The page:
Scotland is a country well known for its unique natural beauty. From towering mountains to rolling glens, crashing waterfalls to trickling streams, Scotland has it all. Head north to the highlands and you will find yourself amongst some of the most beautiful scenery in the world. From white sandy beaches to the mountains and historic castles, there is something for everyone in this breathtaking part of Scotland. Here are just some of the amazing places that you need to visit on your trip to the North of Scotland.
The weather in Scotland can be very temperamental and the north can experience some freezing temperatures in winter. Whatever season you choose to visit, make sure you are prepared with warm clothing and comfortable shoes
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Lose Yourself on the Heart 200 Road Trip
At the beginning of your northern trip to Scotland is the incredibly beautiful area known as the Heart of Scotland. This up and coming part of the country has some of Scotland’s most historic sights, buildings, and tales of the old. The Heart 200 road trip is Scotland’s latest road trip, introduced in the Summer of 2019 after the hugely popular North Coast 500 exploded into the public eye.
If you are planning a road trip around Scotland then this route should be at the top of your list. Whether you plan on touring for 5 days or for two weeks, there are enough incredible sights to keep entertained on any length of trip.
Wild Camp in the Remote Highlands
If you are feeling adventurous, wild camping is one of the best ways to see the North of Scotland. Wild camping is the act of camping in the wilderness, where there is no official camping ground. It is legal in Scotland, providing campers respect the landowner by leaving no trace of camping and aren’t in the view of nearby houses.
Spread throughout Scotland, there are certain locations with bye-laws stating that a permit must be obtained in order to camp. This is mainly due to people abusing this tradition by camping where they should not and leaving litter around the countryside. The full list of these locations can be found on the Scotland tourism website.
Marvel at the Duncansby Stacks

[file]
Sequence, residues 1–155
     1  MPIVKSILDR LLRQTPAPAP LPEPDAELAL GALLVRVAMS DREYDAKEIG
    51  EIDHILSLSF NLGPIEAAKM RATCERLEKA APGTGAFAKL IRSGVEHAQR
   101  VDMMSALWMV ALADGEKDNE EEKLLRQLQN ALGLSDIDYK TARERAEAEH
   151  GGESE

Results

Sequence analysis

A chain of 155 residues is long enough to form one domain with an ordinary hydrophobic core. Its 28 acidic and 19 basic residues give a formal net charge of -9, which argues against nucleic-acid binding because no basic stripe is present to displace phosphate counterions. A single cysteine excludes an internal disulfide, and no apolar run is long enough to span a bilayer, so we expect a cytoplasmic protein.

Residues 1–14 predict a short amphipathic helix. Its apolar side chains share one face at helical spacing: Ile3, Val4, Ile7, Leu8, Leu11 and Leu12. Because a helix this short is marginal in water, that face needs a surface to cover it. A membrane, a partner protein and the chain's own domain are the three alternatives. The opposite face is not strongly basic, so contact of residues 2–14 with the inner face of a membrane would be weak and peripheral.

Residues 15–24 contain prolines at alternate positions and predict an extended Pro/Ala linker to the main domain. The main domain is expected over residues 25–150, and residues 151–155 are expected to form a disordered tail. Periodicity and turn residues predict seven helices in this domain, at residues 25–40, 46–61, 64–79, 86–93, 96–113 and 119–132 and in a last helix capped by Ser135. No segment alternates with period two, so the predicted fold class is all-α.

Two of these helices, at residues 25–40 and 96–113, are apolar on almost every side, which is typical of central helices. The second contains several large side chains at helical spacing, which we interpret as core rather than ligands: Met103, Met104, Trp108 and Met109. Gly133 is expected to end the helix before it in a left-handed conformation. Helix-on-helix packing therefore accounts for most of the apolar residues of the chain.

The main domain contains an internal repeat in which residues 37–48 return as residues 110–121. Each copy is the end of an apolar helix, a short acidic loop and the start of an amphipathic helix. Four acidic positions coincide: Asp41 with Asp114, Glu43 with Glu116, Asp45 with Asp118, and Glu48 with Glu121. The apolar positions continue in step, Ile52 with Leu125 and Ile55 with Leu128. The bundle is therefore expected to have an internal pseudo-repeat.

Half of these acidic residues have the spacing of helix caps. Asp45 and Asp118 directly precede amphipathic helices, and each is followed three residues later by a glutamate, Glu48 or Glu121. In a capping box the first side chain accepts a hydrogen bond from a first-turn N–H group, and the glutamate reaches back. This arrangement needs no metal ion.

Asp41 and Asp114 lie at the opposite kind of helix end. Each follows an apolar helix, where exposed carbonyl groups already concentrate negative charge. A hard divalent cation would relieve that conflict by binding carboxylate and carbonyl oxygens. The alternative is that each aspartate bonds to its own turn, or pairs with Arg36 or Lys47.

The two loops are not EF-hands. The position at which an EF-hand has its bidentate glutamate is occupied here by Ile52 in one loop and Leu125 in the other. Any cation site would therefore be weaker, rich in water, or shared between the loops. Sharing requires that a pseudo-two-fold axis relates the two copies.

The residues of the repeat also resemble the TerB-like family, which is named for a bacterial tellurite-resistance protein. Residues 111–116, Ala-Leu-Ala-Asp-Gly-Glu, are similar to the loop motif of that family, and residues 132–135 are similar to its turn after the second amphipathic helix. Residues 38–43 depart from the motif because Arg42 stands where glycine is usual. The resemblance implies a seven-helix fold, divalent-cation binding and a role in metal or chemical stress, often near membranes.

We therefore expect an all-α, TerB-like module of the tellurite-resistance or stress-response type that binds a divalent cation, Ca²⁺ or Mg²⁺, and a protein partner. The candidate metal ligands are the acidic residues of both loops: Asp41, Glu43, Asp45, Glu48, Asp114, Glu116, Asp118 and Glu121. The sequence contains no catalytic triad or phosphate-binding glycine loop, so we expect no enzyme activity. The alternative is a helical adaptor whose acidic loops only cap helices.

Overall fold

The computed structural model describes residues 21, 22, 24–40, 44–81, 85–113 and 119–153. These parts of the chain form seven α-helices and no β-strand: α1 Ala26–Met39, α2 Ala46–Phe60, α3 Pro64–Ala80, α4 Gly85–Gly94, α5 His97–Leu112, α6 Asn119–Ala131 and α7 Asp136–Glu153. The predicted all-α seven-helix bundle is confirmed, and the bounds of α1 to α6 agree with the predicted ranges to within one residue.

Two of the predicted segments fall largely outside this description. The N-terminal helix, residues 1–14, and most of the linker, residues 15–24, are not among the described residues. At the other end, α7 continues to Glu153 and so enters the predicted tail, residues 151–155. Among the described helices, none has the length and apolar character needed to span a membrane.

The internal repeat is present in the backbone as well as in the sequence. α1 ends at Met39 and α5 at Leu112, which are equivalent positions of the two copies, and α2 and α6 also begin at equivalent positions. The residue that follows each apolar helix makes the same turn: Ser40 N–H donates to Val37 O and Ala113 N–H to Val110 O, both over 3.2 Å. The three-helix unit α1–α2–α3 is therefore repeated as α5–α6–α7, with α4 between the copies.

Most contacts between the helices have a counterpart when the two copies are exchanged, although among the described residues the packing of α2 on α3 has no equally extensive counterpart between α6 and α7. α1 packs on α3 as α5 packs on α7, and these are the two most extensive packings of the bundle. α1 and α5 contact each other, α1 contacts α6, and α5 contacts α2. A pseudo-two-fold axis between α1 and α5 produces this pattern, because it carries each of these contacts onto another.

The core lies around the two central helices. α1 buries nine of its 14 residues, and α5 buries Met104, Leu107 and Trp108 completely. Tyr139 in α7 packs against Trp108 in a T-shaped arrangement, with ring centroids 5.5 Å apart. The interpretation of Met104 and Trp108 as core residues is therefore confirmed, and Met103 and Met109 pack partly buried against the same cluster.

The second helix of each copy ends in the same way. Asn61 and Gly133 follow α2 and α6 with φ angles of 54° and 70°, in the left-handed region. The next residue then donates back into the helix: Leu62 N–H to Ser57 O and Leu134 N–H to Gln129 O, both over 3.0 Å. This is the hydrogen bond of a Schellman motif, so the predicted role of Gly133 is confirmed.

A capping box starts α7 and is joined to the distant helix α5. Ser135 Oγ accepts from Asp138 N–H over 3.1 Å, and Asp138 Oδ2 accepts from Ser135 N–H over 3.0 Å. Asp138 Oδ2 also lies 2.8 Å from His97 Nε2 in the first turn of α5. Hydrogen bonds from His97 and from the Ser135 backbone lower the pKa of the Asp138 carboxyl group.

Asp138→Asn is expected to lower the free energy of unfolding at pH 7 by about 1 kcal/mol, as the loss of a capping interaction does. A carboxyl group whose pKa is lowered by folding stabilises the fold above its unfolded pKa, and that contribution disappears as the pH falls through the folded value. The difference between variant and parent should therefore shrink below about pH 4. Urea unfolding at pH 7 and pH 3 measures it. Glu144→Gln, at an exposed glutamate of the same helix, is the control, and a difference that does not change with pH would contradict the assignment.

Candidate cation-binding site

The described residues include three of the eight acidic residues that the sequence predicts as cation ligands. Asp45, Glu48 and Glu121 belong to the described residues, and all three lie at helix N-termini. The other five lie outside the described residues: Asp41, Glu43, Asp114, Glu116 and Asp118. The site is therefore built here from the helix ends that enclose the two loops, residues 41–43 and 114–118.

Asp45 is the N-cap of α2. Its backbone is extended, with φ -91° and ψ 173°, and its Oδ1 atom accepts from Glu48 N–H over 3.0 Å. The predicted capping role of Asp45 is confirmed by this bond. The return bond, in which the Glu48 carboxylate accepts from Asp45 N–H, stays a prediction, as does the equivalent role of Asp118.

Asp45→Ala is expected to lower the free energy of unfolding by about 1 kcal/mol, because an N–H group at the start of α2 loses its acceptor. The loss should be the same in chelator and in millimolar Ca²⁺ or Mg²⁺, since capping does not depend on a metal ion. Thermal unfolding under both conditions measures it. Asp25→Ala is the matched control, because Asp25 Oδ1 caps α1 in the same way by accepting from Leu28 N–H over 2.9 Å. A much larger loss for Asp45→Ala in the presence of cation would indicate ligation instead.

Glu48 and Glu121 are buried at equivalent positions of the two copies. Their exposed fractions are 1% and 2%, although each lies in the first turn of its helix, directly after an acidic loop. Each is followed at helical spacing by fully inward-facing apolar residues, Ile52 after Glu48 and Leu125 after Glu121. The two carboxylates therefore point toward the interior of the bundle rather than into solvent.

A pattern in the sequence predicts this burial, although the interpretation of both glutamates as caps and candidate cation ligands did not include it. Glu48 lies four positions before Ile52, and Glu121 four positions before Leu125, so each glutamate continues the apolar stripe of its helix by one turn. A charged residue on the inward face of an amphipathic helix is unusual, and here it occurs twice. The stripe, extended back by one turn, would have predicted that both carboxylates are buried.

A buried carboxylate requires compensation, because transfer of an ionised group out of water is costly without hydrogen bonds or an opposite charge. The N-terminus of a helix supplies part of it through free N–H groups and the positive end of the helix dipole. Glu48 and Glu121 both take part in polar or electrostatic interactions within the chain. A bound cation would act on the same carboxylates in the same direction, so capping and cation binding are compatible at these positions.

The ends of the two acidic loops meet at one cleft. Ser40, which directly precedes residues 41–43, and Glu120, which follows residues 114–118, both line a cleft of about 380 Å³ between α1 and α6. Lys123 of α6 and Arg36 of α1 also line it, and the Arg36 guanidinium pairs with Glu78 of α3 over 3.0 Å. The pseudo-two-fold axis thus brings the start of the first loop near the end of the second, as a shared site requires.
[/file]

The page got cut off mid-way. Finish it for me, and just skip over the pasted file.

John O’ Groats is the most northerly point on mainland Britain, a world of jagged cliffs, infinite horizons, and extreme weather conditions. As you venture to this northern point, you begin to understand what life could have been like for the first Viking settlers, as they made their way across the Arctic Ocean and landed on these shores in the 9th century. The coastlines are rugged and the seas ferociously beautiful.
If you venture the to cliffside viewpoint where Duncansby Lighthouse defends the coast, you will find one of Scotland’s most unbelievable beauties, the Duncansby Stacks. This collection of sea columns was formed from centuries of erosion and abuse from the mighty power of the Arctic Ocean. With the largest stack towering 60m above the sea, they are a truly spectacular sight to behold.
Learn to Surf at Thurso
The world-class surfing hotspot, Thurso, has some of the best quality waves in Scotland. Due to this, it is frequently used as the location for the World Surfing Championship. Don’t let this put you off giving surfing a shot, however, as it is also a popular spot for beginner surfers learning the tricks of the trade.
If you are brave enough to get into the Atlantic Ocean for a dip, this is an experience that will stick with you after your trip to Scotland.
Take a Walk Through Time at Smoo Caves
Around 1 mile east of Durness lies Smoo Cave, a stunning sea cave set into the limestone cliffs and one of Scotland’s most magnificent sights. The 50ft cave is floodlit inside and can be entered by foot or you can go further into the cave with a guide on the small rowing boat.
To walk into the front of the cave is free, however, if you want to go in further on the boat tour it is £6 per adult or £3 per child. The tour takes around 20 minutes and it is advisable that you wear appropriate footwear, as you will be climbing in and out of the boat on the other side of the plunge pool to walk deeper into the cave. These tours are also subject to weather conditions as heavy rainfall results in the cave becoming inaccessible due to the resulting size of the internal waterfall.
This cave is a particularly fascinating place as it is the site of known Viking activity, with pieces of fishing equipment being found here dating back 1000 years. It is believed that during the first landings of the Vikings, this cave was used to store fishing equipment and even longships to protect them from the harsh weather conditions.
The caves are actually much more complex than what you immediately appear, spreading deep into the cliffside, inaccessible to those without special equipment. New caves are being discovered every year thanks to sonar technology and cave mapping, and it is believed that these caves were once accessible by foot when the sea levels were lower and the sand beneath your feet wasn’t there.
Visit the Castles of the North of Scotland